Are we witnessing a new collapse in US equity markets, a Bearish reversal or just a correction?Posted on Monday, February 12 2018 at 5:38 pm GMT+0000
Last week, the Dow Jones closed 10% lower and S&P closed 9% down.
Before starting to analyze whether that decline is a bearish reversal, a probable collapse or just a correction, let’s explain the difference between the three scenarios.
A collapse is a sharp and hasty decline where losses exceed 20%. This was a common factor between the Black Tuesday on 1929 and the Black Monday on 1987, the Dot Com bubble in 2000 and the 2008 crisis.
In a Bearish reversal, losses also might exceed 20% and with a sharp or rapid pace, especially if markets were at extreme overbought levels.
So the current facts indicate that the markets are in the corrective stage which is normal, especially since prices have not seen any actual correction since November 2016.
That correction can extend turning the overall market bias to Bearish in the long term, especially with most countries tending to tighten their monetary policies either by reducing their QE programs or by raising interest rates, where bonds begin to offer a higher and safer return for investors, thereby curbing demand for stocks.
But the persistence of good fundamentals and the absence of volatility in the Forex and gold shows no major concerns among investors and reinforce the likelihood that the recent decline in equity markets will be just a corrective stage.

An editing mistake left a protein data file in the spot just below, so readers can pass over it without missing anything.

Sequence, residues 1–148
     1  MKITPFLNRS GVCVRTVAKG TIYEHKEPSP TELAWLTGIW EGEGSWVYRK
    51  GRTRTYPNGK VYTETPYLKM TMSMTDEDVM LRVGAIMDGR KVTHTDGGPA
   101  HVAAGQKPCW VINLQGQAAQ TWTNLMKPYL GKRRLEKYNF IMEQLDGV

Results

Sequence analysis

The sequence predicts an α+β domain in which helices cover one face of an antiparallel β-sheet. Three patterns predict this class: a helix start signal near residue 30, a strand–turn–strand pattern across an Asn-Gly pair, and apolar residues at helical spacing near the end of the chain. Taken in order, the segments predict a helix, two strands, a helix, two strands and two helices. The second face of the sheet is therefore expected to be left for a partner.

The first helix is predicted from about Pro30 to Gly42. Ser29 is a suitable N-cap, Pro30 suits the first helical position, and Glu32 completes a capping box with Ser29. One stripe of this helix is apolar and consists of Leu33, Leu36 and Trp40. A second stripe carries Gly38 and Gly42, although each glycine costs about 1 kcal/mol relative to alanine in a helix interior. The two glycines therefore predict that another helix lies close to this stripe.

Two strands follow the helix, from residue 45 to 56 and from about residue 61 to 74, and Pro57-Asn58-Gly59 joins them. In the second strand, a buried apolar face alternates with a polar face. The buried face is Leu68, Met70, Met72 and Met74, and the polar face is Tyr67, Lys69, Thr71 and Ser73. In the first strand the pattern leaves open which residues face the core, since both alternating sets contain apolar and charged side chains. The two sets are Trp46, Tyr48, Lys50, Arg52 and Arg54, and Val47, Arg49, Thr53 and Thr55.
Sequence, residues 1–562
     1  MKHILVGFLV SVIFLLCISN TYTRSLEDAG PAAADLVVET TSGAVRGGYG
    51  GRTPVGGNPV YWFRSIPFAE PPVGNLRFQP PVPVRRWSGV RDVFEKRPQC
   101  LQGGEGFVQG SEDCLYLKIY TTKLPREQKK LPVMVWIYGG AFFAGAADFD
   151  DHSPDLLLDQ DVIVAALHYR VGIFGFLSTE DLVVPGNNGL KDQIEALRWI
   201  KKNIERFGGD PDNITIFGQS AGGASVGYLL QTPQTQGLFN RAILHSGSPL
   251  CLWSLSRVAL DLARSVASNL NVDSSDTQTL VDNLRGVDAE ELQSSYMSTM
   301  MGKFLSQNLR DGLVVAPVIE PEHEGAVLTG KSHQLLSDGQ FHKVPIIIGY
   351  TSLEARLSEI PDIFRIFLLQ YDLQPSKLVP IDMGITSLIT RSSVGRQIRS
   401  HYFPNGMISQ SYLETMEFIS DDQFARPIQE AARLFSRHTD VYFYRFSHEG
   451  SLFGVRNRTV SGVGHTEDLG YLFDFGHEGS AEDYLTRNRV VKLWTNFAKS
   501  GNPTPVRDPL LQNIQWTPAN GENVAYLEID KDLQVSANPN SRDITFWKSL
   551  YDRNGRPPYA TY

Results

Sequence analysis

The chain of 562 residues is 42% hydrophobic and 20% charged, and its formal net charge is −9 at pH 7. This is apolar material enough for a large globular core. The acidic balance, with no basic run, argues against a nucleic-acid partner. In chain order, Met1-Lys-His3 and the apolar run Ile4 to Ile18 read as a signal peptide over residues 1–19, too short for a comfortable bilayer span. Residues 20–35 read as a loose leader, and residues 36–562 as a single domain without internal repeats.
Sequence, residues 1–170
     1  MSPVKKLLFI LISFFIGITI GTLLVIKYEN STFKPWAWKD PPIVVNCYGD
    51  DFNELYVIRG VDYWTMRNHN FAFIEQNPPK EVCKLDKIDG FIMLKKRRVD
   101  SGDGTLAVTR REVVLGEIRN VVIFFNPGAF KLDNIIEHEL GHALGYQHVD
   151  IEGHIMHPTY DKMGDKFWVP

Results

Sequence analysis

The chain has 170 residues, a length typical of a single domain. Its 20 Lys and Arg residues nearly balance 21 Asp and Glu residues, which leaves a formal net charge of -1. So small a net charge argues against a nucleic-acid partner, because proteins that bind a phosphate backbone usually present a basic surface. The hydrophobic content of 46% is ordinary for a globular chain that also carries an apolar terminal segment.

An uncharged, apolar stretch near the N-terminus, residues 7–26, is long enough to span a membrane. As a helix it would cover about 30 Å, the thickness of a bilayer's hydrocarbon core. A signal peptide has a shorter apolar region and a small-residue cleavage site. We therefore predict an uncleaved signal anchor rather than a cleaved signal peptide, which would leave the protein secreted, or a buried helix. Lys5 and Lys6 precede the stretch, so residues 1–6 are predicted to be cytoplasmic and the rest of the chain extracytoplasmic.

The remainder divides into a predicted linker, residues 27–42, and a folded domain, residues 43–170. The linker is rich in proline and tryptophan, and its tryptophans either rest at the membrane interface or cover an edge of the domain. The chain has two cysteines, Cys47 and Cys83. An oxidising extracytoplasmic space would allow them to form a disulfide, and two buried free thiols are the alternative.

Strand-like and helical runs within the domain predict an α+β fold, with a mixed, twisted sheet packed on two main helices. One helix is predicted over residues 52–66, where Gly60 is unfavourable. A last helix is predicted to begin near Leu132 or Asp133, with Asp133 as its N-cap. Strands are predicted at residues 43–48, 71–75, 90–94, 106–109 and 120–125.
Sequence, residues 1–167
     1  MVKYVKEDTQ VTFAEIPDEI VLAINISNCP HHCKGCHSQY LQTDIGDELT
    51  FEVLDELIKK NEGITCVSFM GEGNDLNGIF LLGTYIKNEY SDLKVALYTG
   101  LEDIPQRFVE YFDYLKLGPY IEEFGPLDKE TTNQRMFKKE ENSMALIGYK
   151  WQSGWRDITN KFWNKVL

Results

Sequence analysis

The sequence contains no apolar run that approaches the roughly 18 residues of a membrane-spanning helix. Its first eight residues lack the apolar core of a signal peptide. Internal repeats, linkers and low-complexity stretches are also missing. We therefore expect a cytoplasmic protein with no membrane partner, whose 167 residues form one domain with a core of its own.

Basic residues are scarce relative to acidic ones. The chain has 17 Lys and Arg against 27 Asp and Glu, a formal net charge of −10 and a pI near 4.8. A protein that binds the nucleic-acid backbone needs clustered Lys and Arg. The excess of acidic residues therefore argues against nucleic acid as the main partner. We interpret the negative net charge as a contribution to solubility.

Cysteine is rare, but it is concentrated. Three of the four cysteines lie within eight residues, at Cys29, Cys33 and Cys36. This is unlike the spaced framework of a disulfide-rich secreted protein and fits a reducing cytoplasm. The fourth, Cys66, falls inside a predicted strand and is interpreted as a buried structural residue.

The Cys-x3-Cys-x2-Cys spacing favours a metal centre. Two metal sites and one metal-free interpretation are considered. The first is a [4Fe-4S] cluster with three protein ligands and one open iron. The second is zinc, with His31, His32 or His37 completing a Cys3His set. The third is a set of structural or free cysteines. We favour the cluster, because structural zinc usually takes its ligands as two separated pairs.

Only Dow Jones dropping below 23000 and S&P below 2500, can signal that the market is entering a bearish phase, which means a sustained decline in equities prices and a rise in gold and safe havens such as the Yen prices.
What is certain now is that we have entered a new phase characterized by high and the stability we were witnessing last year is over.
The recent underperformance of US equities is being attributed to the continued surge in US Treasury yields. As yields rise, bonds begin to offer a higher and safer return for investors, thereby curbing demand for stocks.
The declines were exacerbated by inflationary pressures on Friday after the US Nonfarm Payrolls report showed wage rises to their highest level since the global crisis in 2008.
That could result in a “spike” in interest rates; higher interest rates higher bonds yield which will then form a good alternative to equities.
This week the focus turns to inflation data from Japan, UK, US and New Zealand, but the most important of course is the consumer price index from the United States due on Wednesday, and a better than expected reading will exert greater downward pressure on equities.